Combating Terrorism: Lessons Learned from London, Hearing Before the Subcommittee on National Security, Emerging Threats, and International Relations of the Committee on Government Reform, House of Representatives, One Hundred Ninth Congress, Second Session, September 19, 2006 [open pdf - 3MB]
From the opening statement of Christopher Shays: "Last month, British authorities announced they disrupted a terrorist plot to detonate as many as 10 transatlantic aircraft leaving Heathrow Airport for the United States. A London metropolitan police representative said the successful execution of this plot would have wrought mass murder on an unimaginable scale. This is the most recent incident in a decades-long pattern of attempted and successful terrorist attacks against passenger airlines. In January 1995, Philippino [sic] authorities disrupted an operation which sought to blow up American passenger planes. On September 11, 2001, terrorists tragically used our aircraft to attack the United States. Five years after September 11th, in an international atmosphere of uncertainty we continue to ask the question, is our country safer? The successful disruption of terrorist attempts like this London bomb plot indicates we may be headed in the right direction, in changes we have implemented, improved information sharing, surveillance, increased law enforcement resources devoted to national security, appeared to be helping thwart terrorist attacks. But the fact that such threats remain and that these threats exist in such a potentially massive scale also warns us we must remain vigilant." Statements, letters, and materials submitted for the record include those of the following: John Rollins, David B. Rivkin, Baroness Falkner, James A. Lewis, Tom Parker, Dennis Kucinich, and Christopher Shays.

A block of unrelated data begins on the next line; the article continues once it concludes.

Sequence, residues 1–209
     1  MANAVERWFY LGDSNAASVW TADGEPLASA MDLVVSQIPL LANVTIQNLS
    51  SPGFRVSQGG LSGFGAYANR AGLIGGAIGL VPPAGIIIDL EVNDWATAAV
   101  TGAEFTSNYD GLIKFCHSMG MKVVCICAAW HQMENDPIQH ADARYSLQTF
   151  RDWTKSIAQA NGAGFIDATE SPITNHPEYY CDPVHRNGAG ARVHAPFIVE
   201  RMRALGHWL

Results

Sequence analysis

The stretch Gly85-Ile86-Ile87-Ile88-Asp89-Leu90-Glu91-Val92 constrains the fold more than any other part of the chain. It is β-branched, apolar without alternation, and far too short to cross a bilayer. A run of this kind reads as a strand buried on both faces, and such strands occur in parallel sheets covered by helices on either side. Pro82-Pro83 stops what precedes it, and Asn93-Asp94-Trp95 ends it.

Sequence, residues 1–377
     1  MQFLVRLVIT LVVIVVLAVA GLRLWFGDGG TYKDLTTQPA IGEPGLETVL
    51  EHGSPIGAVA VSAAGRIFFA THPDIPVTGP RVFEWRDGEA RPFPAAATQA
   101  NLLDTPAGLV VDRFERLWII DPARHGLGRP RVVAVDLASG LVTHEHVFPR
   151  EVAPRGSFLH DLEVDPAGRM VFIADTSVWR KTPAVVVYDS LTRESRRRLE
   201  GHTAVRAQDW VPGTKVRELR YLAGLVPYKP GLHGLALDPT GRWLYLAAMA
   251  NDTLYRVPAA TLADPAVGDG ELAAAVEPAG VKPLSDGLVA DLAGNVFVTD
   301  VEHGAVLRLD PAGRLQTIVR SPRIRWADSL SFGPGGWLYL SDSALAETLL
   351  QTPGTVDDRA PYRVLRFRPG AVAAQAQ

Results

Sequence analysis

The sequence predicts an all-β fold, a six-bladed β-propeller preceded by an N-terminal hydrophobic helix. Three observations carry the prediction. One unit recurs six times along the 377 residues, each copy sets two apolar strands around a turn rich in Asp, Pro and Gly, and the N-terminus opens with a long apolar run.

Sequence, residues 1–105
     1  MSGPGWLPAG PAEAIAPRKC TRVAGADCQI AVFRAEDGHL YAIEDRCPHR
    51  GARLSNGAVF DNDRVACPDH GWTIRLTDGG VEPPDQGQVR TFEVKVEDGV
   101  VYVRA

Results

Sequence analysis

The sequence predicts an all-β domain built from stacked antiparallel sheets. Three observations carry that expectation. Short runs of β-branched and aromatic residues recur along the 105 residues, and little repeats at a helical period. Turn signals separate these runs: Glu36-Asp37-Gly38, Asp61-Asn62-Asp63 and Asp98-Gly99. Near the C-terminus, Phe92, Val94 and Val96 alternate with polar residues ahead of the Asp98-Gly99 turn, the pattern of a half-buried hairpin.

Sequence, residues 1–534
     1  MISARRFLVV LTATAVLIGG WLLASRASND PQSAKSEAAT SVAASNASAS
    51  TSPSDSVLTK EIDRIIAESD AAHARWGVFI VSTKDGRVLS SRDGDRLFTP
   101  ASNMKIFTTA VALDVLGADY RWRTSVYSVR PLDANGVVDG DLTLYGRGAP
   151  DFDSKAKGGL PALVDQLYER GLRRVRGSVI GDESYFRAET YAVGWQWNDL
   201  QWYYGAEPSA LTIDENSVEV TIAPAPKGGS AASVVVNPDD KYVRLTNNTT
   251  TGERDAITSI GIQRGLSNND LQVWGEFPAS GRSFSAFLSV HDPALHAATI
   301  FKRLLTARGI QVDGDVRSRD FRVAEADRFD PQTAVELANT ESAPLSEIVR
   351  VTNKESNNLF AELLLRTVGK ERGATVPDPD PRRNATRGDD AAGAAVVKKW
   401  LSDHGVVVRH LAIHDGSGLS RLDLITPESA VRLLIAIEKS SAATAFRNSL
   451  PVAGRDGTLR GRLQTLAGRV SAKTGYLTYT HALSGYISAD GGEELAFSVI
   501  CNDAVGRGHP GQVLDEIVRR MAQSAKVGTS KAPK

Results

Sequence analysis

Serial No. 109-259
Government Printing Office, Federal Digital System: http://www.gpo.gov/fdsys/